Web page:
China: An Island Nation?


China isn't embracing rum cocktails with little umbrellas in them (as far as I know). But given the realities of Chinese geography–shared land borders with 14 other countries, but most of the population clustered away from those borders in the Han "heartland"–they might at least consider adopting some of the better features of island nations (say, hammocks and tropical fruit) to balance out the troublesome isolation:

China map

From Strange Maps:

Only in three places are the Chinese borders naturally permeable: at the Vietnamese frontier, via the Silk Road, and near Russian Far East. Hilly jungles separate China from Laos and Burma, the Himalayas shield it from the Indian subcontinent, almost impassable deserts divide it from Central Asia and the forbidding expanses of Siberia have never appealed to Chinese expansionism (until now, as the Russians fear).

With the exception of the Ming dynasty's sponsorship of admiral Zheng He's naval expeditions (as far away as Sri Lanka, Arabia and Africa) in the early 15th century, China has never attempted to be a naval-based power – so for most of its history, China's ports on the Pacific were hardly windows on the world either.

Check out the original article on Investors Insight, with lots more maps clarifying and expanding on the one above.

NEXT: Bob Barr on the Patriot Act, Medical Marijuana, and His Mustache

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  1. Is that one of them “after global warming” maps? 🙂

  2. Yea, all of that, but the author forgets that Flas Gordon made short work of Ming.

  3. If the Siberian frontier is so impermeable, why build the Great Wall?

  4. If the Siberian frontier is so impermeable, why build the Great Wall?

    Because the border to the Mongolian Steppe is permeable.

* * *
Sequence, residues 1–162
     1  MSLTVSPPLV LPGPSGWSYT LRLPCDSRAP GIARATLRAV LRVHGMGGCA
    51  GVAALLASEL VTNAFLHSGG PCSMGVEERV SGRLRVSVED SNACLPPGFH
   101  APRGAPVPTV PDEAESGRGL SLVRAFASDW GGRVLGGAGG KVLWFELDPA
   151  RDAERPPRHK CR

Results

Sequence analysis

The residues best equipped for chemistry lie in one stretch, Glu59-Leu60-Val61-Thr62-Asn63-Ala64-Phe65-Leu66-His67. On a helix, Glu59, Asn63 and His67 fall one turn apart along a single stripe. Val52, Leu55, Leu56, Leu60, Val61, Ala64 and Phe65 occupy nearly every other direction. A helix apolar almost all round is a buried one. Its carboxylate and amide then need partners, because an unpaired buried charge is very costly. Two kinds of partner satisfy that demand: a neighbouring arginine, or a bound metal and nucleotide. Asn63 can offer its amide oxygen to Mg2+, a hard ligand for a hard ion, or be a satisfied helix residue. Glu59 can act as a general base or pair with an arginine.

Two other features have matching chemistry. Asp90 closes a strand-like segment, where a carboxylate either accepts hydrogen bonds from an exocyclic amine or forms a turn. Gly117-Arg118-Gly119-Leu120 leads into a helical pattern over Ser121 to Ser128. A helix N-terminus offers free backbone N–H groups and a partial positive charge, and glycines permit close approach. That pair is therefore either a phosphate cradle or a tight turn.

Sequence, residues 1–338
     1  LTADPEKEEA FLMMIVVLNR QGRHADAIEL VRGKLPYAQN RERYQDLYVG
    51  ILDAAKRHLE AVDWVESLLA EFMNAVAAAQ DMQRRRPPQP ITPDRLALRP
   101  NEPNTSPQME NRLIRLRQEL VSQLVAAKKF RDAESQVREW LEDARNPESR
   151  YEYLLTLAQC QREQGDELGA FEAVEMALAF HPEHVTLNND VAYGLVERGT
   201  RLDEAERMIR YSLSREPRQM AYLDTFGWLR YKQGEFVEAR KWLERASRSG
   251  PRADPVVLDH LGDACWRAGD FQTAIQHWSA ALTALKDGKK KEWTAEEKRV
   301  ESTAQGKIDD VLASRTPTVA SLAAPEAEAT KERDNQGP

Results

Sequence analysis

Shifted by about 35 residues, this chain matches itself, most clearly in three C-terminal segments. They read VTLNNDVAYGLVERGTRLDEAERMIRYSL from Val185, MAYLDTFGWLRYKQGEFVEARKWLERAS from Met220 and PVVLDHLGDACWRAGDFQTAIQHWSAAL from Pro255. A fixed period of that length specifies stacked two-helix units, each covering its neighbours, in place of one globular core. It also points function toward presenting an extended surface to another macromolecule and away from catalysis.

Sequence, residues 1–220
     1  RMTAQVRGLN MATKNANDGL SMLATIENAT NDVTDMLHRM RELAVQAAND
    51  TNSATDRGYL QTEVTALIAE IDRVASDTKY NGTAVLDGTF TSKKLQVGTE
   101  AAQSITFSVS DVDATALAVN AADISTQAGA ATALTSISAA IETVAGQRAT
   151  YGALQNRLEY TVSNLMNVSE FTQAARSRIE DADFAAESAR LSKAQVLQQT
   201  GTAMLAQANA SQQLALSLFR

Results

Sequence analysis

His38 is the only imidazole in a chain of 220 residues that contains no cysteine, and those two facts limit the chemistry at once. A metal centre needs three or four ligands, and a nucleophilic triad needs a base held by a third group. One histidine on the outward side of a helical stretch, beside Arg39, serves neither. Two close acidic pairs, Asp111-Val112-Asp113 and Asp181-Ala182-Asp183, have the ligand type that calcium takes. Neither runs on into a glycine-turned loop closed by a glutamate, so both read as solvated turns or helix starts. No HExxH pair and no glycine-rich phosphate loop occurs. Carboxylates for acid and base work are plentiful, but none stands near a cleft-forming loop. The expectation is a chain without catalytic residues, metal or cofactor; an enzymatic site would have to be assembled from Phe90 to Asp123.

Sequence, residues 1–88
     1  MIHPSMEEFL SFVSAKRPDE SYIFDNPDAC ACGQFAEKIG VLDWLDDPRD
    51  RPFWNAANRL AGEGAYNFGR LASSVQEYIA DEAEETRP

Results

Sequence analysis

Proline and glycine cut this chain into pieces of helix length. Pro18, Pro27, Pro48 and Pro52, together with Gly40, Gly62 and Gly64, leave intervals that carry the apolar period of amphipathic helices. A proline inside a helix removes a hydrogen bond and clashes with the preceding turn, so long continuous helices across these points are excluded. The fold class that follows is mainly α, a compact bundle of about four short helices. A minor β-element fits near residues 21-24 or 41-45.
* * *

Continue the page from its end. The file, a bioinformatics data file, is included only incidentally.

I mean, there’s a map right there, ass…

  5. …and the forbidding expanses of Siberia have never appealed to Chinese expansionism

    Save your insults for the guy who wrote this. Maybe HE doesn’t know about Mongolia.

  6. Isn’t that a map that Edgar Cayce drew?

  7. I see what you are up to, Mangu-Ward. Your post is a pack of disinformation intended to make us lose next time we play Risk with you!

  8. China has never attempted to be a naval-based power

    I recall reading, I think from Victor Davis Hanson, that China once had some of the best ships in the world and actually came close to being the first world naval power, but the seafaring classes came out on the short end of an internal power struggle.

    Sort of like Japan with gun technology; they didn’t like peasants ungracefully blasting their poetry-reciting samurai class.

  9. Looks like Aeros could find a big market in China.

  10. Interesting post, I’ve bookmarked it.

    I’ll remember Katherine Mangu-Ward linking to a page indicating that a country might be worried about a neighboring country’s possibly having eyes on their territory (“expansionism”) for the next time KMU promotes the “free flow of people” and all of us holding hands and singing Kumbaya.

    I’m sure there are old Soviet leaders who wish that there had been more libertarians in the 50s.

  11. why build the Great Wall?

    The Great Wall? Look at a map, dimwit. There is no one Great Wall, rather a hodgepodge of sorta-great and lesser walls, none of which could or did protect China from its alleged enemies.

  12. I’ll bookmark this post so I can remember it the next time that the Lonely Whacker misses the point and tries in vain to tie every gottdamm post to his pet “issue.”

    No, I won’t have to. Every time he posts he misses the point and obsesses over HisFearedMexicanOverlords. Well, to be fair, today being Friday, he will probably post something about his sexual obsession, too, that annoying quasi folk singer.

  13. This is silly — each of the interfaces mentioned except the Silk Road has been used as a gateway for Chinese imperialism or subjugation of China under someone else’s imperialism. The Mongols took control of China via the Siberian route, the Chinese invaded and controlled Vietnam for centuries during the second millenium, and of course European powers and later Japan carved up China coming in through the sea ports.

  14. Now that was an interesting article indeed.


  15. “Aside from bordering on 14 different states and being on numerous trade and migration routes, China might as well be an island.”

    Yes, and if it had wheels, it would be the world’s largest bus.

    On the other hand, Strange Maps is always link-worthy.

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